Stir (optional).
Wait 3* minutes for tea to brew. (*time is a operational/user choice)
Put Milk in Cup - This can be done while the tea is brewing.
Please note - the milk Must be added to the cup Before the Tea!, (This is a Critical Recipe Parameter).
Pour tea into cup.

Slurp it up

Good things found in Vista:
Windows Key the type the name of the application - :

Wednesday, 11 June 2008

Sequences are not Recipes

I completely disagree with a heck of a lot of what you say part 5 blog.
The latest is
Is that a Sequence or is that a Recipe? The answer is - You say Yes
I say no, in fact I say do not even compare them. To do so undermines the great concept that S88 provides, - separation of Recipes and Equipment.
S88. 01 is not actually about Control, it is about how to describe recipes and the physical equipment they have to run with. The cookbook and the kitchen.
Chop with knife number 42, turn on the power for the cooker, rotate knob 3 to set the temperature on the oven, etc is in the equipment sequence.
Chop the carrots, put in preheated oven is in the recipe.
These are not the same, they interface but are not equivalent.
The formula in a packing machine, just like the temperature of the oven in the recipe and the set point for the mixing tank are local copies of the recipe formula - part of the control recipe and derived from the master recipe.
Your statements on this blog are potentially damaging to the value of S88 Part 1.
Part 1 by the way should be left unchanged, if I had a vote I would vote against the update and for the original.

MS Vista

I make and sell software for Control Engineers to design their systems with. Of course it is Microsoft based, sorry you open source people out there, but MS is so much more productive for me.
I have wondered whether, or even when, it will be feasible to convert ControlDraw to a web served application, like those that Google does. Maybe I could stuff it full of adverts and retire on the revenue, but that is not my intention yet.
My customers, at least those who work sometimes from their new gleaming home PC's are buying Vista machines these days, and I found that some of them could not run CD
So, ControlDraw Ltd bought me a new Laptop with Vista, and in a day the problem was fixed.
However, I have just had 3 black screens in succession, after installing Vista SP1 and Visual Studio 2008. It took a Safe Start then another reboot to get the machine running properly again.
I thought Vista was not supposed to to that. I guess Vista is still Beta- but in reality so is all software. And Standards. They have flaws that get fixed over time. (unlike S88, but that is not fair as S88 is not like that, it does not need fixing)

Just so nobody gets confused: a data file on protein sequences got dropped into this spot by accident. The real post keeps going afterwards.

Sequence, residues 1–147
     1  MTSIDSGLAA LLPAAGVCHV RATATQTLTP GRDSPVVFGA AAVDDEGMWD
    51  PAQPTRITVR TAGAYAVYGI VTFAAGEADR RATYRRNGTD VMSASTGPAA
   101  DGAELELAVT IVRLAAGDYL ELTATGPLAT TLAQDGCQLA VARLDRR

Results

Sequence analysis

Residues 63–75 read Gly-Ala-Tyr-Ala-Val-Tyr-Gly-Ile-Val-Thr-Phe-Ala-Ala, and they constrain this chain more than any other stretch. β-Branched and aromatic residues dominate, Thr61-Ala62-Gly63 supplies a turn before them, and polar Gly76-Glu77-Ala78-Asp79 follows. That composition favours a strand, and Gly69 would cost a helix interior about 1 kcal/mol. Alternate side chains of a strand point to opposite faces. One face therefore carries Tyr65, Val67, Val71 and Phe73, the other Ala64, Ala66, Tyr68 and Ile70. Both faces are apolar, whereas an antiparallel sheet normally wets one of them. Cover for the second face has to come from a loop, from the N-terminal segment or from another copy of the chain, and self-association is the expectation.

Vista is nice, but another big flaw is that I cannot get VB6 Service packs to install.
That looks to me like MS forcing up their revenues, I cannot find an excuse for it. I should be able to use my existing development setup, that I have paid them for.
Notwithstanding, I am now playing with the latest and greatest development tools from MS

Friday, 6 June 2008

Recipe Control

I see that Dave has blogged about Recipe Control

"No where that I can find does the ISA88 standard deal with “Recipe Control” as it does with “Equipment Control.” it says. My jaw dropped when I read this so I posted a fairly mocking response, but as usual it takes days before comments on that 'blog' appears if at all.

I think that the post indicates that the most fundamental purpose and meaning of Part 1 is not understood by the poster. Let me explain why I say that.

The entire Original Part 1 is all about Recipes and how to make stuff according to a Recipe.
And keeping the Recipes independent from the equipment and yet being able to run the recipes in the available equipment. The Equipment gets Controlled Yes. The Recipe provides the Set Points and the Procedural Sequence, but the Equipment Does the Control!

Part 1 quite rightly strictly excludes defining how to program either recipes or the control of equipment. Part 1 as it is does a very valuable job of providing a framework in terms of the words that can be used, and models that can provide a structure where those words can be used to describe the required Recipes and the Equipment Control.

Recipe Control is a meaningless term - unless we are talking about how to manage the Recipes themselves. Such as making sure that they are kept safely, version management, ensuring that a Recipe is up to date and approved for use etc.

When thinking about Recipes, it always helps to use the cooking analogy. So what do the cook books say about Controlling a Recipe. Try Searching for Cooking Control. Did that help?

By the way, Dave's 'blog' is not really a blog, but never mind. If you comment on this one it will appear - immediately, please feel free.